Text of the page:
Complaints about the media anointing “leaders” is nothing new. We have heard complaints before of “black leaders” and probably leaders of other groups as well. As to LeHaye, given the number of books he’s sold, “leader” is probably applicable, although I would quibble as to whether “evangelical” is the best term. If I understand correctly (and I’m not a Left Behind fan), he’s a fundamentalist, which is rather different than an evangelical.

    This points to the probability that, as with Catholics, there is not a single “evangelical vote”. In fact, given the strong individualism inherent in evangelical theology, I would expect political diversity. Certainly not on significant moral issues or overarching goals, but somewhat on the relative weight given to various issues, and certainly on policy means to moral ends.

  • gfe

    I don’t have any real problem designating LaHaye as a “leader,” although I’d hardly classify McCoy as prominent (as far as I can tell, he doesn’t even have a page in the Wikipedia). The problem here is picking two evangelicals and making that sound like it’s a trend of some sort. To make that conclusion, at least in a what passes for a straight news story, is premature.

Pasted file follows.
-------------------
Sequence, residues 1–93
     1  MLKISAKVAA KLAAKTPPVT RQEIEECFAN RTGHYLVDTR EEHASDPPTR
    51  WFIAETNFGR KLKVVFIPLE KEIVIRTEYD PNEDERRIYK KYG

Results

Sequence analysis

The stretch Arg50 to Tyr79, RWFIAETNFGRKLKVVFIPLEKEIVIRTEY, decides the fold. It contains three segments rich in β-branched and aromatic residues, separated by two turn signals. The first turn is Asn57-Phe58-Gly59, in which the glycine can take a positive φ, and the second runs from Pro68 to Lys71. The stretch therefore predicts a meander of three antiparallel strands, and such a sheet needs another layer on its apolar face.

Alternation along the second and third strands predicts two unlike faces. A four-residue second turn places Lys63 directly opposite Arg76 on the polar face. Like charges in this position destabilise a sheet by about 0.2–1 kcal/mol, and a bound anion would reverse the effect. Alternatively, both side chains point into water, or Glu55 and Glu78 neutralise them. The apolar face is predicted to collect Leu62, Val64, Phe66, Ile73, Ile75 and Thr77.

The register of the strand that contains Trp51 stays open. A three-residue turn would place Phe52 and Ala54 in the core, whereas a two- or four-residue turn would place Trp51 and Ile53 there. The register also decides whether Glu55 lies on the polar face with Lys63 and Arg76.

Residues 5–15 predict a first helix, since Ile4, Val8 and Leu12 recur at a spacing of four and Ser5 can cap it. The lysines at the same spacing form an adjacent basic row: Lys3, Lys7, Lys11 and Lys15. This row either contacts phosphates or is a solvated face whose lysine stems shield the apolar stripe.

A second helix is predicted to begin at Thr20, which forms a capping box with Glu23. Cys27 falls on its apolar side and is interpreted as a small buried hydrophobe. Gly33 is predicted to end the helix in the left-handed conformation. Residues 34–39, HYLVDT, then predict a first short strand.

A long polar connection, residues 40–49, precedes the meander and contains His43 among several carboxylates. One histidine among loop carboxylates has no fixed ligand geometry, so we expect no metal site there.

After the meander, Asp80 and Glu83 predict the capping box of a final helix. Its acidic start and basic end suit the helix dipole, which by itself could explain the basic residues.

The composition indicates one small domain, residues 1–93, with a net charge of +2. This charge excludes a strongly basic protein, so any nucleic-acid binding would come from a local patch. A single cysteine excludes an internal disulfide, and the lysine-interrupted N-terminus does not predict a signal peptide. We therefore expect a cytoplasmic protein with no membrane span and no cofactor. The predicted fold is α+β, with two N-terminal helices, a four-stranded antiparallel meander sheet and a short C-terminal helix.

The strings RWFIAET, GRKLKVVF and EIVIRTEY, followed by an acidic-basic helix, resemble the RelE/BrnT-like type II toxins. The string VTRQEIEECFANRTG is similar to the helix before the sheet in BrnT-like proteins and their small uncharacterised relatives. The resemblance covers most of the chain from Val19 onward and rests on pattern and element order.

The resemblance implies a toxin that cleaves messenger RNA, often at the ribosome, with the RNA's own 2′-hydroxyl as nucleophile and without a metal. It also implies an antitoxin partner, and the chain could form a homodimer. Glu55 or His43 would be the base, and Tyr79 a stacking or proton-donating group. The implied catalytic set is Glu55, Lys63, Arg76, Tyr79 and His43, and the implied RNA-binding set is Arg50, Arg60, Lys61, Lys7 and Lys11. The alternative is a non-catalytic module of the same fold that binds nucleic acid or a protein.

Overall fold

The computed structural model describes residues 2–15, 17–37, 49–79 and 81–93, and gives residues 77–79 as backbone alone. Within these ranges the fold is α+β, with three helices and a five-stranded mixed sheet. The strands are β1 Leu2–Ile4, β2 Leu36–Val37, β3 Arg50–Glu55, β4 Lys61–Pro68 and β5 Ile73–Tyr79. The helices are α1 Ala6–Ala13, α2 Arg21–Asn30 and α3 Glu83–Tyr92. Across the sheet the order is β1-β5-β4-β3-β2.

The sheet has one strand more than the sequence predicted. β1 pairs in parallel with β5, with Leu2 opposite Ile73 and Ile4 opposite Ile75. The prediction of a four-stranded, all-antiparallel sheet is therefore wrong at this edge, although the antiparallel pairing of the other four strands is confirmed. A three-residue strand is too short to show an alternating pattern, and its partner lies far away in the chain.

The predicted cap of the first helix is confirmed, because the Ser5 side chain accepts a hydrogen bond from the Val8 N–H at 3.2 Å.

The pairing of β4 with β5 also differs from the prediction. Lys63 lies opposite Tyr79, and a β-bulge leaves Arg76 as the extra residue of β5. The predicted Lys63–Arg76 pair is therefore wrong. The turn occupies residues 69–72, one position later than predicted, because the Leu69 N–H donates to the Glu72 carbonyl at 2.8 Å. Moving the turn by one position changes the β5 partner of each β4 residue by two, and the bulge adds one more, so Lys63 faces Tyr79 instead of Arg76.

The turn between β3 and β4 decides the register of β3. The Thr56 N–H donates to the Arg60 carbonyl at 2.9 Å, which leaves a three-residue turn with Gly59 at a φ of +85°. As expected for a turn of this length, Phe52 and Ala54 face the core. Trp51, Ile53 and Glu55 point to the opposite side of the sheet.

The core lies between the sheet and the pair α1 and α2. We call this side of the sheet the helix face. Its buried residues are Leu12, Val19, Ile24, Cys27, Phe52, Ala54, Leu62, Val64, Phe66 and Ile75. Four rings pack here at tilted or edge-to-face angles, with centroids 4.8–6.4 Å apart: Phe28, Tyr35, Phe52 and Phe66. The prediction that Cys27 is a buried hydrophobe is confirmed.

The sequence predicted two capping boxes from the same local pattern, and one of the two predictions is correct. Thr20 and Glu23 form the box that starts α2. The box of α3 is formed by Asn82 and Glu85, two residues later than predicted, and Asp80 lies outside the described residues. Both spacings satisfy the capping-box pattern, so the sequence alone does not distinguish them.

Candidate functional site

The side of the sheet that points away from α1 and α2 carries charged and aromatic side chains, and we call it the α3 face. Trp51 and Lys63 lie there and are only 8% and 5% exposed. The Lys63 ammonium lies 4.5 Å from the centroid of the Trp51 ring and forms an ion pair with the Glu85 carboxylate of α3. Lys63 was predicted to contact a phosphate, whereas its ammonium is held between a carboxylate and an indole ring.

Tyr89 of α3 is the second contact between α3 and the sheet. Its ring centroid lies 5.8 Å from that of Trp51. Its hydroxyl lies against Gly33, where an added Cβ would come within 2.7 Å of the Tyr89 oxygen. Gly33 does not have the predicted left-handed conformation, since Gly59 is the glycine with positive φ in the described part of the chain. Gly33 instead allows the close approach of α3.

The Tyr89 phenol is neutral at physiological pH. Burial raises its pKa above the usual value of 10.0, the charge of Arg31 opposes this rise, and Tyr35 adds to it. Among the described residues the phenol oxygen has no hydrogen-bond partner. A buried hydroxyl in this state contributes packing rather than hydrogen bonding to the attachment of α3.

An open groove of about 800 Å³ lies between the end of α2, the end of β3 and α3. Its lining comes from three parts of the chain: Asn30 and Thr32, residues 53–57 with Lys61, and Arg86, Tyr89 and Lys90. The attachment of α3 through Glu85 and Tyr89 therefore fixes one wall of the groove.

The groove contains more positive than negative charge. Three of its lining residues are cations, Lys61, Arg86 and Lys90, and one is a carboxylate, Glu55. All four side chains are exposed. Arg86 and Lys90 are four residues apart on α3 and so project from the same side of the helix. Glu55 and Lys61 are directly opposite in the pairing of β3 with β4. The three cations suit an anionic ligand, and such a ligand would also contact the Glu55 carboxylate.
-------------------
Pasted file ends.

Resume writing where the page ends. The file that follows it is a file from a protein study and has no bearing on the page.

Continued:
I’m sure it wouldn’t be difficult to fine two somewhat moderately prominent evangelicals who would support putting Romney on the ticket. (Although I’m not a Romney fan, I think he’s probably McCain’s best choice among the mainstream possibilities.) And it would probably be less difficult to find two moderately prominent evangelicals who would say that they would support anyone McCain would pick, because Obama would be such a dismal alternative.

    I just really don’t think there’s enough confirmed substance here to justify the lede.

  • Peggy